Now this is a step that only professional course designers take. Write down in your own words what learners will be able to do at the end of your course. No buzzwords or titles, just clear sentences that begin with action verbs.
For example, if you are building a self-paced course with no practice built in, you can promise students will be able to understand stuff (which is valuable)—but you wouldn't say they would be able to analyze or apply stuff on their own. Make sense?
Defining learning objectives helps you accomplish two things. The first benefit is that you set clear, realistic expectations with your learners about what skills they will learn, so you don't overpromise. The second benefit of learning objectives is that they give you, as the content creator, a clear focus and direction for what to include and what to cut. Ain’t nobody got time for fluff.
To choose the action verbs that describe best what learners will be able to do, instructional designers like me often refer to Bloom's Taxonomy. Whether it's to understand, evaluate, or create something. I’d go with 3 to 5 learning objectives, which should encompass a standard online course content.
What are the learning objectives of this article, you ask?
After reading this article, you will be able to describe the challenge of online course design, explain the three foundations of a good online course, and understand how to avoid common course design mistakes.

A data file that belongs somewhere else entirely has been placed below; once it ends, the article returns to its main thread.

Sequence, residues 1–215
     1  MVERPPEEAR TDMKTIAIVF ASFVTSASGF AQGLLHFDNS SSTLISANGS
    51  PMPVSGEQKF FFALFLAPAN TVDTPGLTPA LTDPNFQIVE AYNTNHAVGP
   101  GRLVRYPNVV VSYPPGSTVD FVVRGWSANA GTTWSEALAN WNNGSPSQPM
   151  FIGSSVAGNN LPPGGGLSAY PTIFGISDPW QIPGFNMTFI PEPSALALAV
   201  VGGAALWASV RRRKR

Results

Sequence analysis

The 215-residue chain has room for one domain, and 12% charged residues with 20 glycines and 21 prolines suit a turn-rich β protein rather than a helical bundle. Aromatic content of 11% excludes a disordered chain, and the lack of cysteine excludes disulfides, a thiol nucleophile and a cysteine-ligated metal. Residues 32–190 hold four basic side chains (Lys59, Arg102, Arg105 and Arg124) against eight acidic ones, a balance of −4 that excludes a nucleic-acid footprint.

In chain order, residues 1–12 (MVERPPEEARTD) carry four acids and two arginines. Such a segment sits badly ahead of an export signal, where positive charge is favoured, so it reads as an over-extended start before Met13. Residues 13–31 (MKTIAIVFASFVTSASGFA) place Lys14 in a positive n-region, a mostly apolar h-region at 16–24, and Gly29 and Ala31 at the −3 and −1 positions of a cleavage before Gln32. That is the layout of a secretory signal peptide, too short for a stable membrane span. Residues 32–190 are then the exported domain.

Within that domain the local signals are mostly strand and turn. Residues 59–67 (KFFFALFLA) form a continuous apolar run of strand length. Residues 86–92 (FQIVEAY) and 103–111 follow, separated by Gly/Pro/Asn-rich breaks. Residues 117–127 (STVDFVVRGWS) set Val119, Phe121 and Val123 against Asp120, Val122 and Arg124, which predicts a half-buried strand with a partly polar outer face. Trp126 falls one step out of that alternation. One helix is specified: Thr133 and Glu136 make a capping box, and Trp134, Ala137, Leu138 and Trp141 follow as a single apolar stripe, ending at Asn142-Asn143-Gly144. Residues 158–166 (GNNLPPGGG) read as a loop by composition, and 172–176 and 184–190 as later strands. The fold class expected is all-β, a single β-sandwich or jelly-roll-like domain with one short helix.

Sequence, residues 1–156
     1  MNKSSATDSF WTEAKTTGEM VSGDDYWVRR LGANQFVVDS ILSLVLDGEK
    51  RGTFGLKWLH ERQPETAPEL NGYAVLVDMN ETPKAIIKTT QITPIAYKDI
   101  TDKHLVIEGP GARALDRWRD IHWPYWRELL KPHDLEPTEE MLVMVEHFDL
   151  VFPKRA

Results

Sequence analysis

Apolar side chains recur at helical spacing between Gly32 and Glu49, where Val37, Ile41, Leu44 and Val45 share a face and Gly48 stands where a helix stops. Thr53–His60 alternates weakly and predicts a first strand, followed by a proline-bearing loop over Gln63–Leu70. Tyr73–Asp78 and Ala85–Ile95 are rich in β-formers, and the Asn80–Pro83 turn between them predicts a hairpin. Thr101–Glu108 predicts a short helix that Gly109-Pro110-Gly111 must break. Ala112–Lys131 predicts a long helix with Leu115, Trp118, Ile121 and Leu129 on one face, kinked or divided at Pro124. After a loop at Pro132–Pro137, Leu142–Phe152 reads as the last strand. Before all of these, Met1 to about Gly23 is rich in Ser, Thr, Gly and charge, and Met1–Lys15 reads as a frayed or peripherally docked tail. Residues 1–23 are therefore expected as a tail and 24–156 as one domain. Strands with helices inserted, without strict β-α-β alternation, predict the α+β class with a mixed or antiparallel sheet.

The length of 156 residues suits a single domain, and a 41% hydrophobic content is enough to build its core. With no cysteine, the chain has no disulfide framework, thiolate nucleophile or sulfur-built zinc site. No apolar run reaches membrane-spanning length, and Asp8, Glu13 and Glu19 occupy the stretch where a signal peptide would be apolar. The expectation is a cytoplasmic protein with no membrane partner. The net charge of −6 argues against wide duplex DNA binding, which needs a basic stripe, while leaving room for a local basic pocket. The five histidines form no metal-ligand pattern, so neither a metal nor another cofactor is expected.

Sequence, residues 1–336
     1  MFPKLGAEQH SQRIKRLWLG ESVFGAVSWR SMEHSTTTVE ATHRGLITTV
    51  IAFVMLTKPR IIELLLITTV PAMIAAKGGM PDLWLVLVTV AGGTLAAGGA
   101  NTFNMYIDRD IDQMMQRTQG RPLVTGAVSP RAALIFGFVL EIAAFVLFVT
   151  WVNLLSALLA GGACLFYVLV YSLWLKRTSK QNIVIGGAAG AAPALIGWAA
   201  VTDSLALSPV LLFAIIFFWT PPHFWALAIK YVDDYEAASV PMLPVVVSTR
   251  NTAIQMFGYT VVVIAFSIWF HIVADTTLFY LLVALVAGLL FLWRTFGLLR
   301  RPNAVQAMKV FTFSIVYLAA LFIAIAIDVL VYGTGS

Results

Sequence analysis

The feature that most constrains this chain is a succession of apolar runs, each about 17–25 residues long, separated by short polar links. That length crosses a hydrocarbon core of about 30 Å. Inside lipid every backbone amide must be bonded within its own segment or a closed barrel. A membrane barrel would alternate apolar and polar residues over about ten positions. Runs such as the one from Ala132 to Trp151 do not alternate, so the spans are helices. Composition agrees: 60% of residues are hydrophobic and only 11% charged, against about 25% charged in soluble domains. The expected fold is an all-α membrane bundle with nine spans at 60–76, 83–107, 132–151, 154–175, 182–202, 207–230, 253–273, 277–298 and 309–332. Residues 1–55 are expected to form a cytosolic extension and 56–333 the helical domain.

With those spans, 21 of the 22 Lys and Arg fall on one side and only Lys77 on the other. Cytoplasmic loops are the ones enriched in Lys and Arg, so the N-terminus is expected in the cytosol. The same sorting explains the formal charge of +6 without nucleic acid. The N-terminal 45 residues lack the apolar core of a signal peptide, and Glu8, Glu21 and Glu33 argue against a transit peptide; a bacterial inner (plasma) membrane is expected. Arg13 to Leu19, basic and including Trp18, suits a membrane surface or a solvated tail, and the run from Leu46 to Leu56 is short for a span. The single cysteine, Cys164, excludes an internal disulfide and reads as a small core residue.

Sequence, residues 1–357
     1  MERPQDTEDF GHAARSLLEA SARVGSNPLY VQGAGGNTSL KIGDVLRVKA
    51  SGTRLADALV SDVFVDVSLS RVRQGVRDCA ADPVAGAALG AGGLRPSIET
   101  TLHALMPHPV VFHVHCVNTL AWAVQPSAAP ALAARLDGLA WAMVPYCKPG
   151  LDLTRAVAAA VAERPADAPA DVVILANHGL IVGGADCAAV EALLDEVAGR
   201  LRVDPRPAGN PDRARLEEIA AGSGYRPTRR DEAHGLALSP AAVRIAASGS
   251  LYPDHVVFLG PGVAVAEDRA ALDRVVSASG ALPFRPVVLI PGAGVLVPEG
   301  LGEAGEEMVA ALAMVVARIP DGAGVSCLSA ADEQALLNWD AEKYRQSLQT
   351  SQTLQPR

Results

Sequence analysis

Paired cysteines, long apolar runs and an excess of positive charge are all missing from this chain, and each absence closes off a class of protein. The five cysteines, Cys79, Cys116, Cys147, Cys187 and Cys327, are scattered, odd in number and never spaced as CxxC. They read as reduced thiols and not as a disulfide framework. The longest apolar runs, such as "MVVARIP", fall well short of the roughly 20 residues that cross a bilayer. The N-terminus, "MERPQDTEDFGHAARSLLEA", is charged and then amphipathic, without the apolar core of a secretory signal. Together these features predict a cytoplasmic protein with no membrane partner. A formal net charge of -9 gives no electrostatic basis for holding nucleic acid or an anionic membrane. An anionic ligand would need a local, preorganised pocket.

Essential Foundation 3: Digital Platform
“I want to create and sell an online course. Which platform should I use?”. That's one of the most common questions I get. The online course gods might be furious at what I'm about to answer.
After designing dozens of online courses, I see no difference between the various platforms for hosting online courses. Whether it's Thinkific, LearnWorlds, Kajabi, or Teachable. They all have the same features with different branding. Your challenge is to choose one and commit.
With that said, I do recommend choosing a plan that includes these features:
- Customize your course website based on your brand's logo and colors.
- Host live Zoom events (e.g., Q&A sessions, virtual workshops) within the platform.
- Manage email communications that nudge learners to stay on track.
Or… wait for YouTube to launch its own online course platform and disrupt the market.
Planning makes perfect.
When you have a manageable business outcome, clear learning objectives, and a good platform, you can scriptwrite and produce your course videos with peace of mind. Skip the foundations and risk getting the dreadful feedback comment 'too basic'. Stick to this framework, and increase your chances of creating a course you’ll be proud to share.
One more thing:
Have you ever taught before? If not, consider delivering a short lecture and see how you feel before you commit to developing an entire online course. By the way, if the session is online, you can record it and edit it into short-form videos and ultimately, into an online course.
You can even take a smaller step:
When was the last time you took an online course, or god forbid, completed one yourself? Start by signing up for an online course on FutureLearn or LinkedIn Learning (two high-quality online course platforms), and think about what you like and dislike so you can apply it to your own future course. That which is hateful to you, do not do unto your fellow learner. Can I get an Amen?
Oh, and write to me when your course is live! You've got one learner (me) guaranteed.